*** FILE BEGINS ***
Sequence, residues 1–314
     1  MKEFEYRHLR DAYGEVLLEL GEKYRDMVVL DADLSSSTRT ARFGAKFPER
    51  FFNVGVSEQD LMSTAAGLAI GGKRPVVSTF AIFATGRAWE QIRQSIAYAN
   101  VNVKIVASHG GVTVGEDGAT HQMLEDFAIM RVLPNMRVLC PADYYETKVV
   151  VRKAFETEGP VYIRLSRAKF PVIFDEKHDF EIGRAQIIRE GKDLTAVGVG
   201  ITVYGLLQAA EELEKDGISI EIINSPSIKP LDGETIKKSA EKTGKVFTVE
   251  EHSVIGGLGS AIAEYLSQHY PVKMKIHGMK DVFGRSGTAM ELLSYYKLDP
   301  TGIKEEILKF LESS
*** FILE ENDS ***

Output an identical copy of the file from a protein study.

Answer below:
Sequence, residues 1–314
     1  MKEFEYRHLR DAYGEVLLEL GEKYRDMVVL DADLSSSTRT ARFGAKFPER
    51  FFNVGVSEQD LMSTAAGLAI GGKRPVVSTF AIFATGRAWE QIRQSIAYAN
   101  VNVKIVASHG GVTVGEDGAT HQMLEDFAIM RVLPNMRVLC PADYYETKVV
   151  VRKAFETEGP VYIRLSRAKF PVIFDEKHDF EIGRAQIIRE GKDLTAVGVG
   201  ITVYGLLQAA EELEKDGISI EIINSPSIKP LDGETIKKSA EKTGKVFTVE
   251  EHSVIGGLGS AIAEYLSQHY PVKMKIHGMK DVFGRSGTAM ELLSYYKLDP
   301  TGIKEEILKF LESS